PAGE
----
Thank you Bill for your sensitive and balanced social analysis of these challenging current events. It's nice to hear a man that can speak credibly about gender issues. I agree that Catholics committed to justice should feel at home in our political landscape, even if some of the of the conversations are difficult.

I'll never be a senator, but if I were able to ask Dr Ford a question, this is what it would be. "Let's assume hypothetically, that your claim is true and that what you allege did indeed happen 36 years ago. Recognizing that the statute of limitations is expired, and there will be no conviction, what is your opinion on the gravity of consequences/discipline that should be applied to Judge Kavanaugh? I ask this because I am afraid that in the court of public opinion, the actual consequences to Judge Kavanaugh (even if he did do these things) could possibly be too severe. How will you/we know when justice is really done?"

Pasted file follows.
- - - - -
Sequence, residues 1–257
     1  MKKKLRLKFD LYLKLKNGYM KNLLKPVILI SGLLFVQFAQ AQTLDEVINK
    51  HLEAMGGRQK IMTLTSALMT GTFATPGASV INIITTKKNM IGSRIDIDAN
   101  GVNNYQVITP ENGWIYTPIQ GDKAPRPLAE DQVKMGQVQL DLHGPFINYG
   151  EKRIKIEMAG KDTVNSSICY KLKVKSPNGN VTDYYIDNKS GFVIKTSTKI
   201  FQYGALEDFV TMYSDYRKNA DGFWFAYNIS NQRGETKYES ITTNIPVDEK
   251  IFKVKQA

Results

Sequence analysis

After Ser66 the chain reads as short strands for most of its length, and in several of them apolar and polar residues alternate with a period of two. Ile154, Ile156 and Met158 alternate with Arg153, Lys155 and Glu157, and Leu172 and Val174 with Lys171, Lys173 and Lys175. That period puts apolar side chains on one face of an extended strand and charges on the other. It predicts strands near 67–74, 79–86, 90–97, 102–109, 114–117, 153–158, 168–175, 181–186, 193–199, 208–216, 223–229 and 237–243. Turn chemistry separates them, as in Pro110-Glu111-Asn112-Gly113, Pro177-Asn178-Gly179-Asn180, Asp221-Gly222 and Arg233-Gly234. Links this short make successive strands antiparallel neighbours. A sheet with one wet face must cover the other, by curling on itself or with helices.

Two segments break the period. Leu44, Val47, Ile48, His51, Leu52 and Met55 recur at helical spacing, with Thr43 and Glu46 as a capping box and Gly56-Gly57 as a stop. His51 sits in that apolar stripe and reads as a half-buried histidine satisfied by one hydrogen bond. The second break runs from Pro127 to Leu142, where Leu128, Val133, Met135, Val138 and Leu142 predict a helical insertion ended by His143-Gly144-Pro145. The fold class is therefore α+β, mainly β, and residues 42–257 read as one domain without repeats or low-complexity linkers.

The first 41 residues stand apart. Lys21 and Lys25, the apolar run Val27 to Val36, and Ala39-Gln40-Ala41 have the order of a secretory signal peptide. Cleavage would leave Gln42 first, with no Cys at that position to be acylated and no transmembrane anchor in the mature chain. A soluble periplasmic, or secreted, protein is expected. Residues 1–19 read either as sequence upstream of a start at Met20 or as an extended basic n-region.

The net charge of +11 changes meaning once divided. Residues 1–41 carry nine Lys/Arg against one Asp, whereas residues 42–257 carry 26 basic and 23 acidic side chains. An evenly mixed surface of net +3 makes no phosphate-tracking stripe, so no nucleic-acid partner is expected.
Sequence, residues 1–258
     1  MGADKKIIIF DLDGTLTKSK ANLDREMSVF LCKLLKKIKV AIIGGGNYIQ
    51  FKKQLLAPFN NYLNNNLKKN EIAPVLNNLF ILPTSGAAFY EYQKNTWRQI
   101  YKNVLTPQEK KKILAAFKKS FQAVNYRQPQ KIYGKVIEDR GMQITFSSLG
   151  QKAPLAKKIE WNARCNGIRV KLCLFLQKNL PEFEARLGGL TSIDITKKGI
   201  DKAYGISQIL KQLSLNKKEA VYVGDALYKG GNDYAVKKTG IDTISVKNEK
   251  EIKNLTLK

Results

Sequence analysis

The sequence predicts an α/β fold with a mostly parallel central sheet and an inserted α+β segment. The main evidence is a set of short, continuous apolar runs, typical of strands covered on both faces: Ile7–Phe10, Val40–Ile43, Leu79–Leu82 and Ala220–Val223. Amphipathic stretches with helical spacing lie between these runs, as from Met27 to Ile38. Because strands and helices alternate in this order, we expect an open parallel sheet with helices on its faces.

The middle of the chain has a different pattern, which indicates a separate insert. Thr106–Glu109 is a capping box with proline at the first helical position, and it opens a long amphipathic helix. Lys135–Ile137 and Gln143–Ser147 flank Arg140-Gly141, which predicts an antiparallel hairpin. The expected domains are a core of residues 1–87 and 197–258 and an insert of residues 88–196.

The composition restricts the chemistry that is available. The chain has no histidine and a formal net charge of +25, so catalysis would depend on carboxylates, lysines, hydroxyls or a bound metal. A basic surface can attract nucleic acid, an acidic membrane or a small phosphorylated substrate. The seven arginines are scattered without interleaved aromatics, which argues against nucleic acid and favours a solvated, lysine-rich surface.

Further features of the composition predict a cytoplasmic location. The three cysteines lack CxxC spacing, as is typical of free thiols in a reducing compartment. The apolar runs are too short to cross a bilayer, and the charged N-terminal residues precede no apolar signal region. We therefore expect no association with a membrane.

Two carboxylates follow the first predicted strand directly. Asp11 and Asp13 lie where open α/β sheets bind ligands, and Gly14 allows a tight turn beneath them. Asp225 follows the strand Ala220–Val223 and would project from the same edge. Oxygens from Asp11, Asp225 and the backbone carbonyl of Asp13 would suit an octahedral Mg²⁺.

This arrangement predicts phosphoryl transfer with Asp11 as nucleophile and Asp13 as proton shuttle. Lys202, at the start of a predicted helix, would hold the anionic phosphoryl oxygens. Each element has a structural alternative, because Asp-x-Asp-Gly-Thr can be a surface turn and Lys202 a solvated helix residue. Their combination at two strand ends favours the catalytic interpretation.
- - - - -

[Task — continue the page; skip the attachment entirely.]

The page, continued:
Bill McGarvey
3 years 10 months ago

Thanks for your comment, A Fielder. As I mentioned in the piece, this isn't a court of law but a job interview, so I'm not sure whether their are any legal repercussions for Judge Kavanaugh. In terms of justice being done, this is not a question of guilt or innocence but the nominee's fitness to be given a lifetime appointment to the highest court in the land. Questions of character must be taken into account and given the very real questions raised by his testimony--as I predicted, more former classmates are coming forward and saying that his denials of a history of excessive drinking are not credible--I think his nomination should be withdrawn. I have no doubt that this is incredibly painful for the judge and his family but no one is entitled to a seat on the Supreme Court. I also think he played the choirboy card a bit too much so he can't back down from the reality check that other people are forcing on him.

Stuart Meisenzahl
3 years 10 months ago

Bill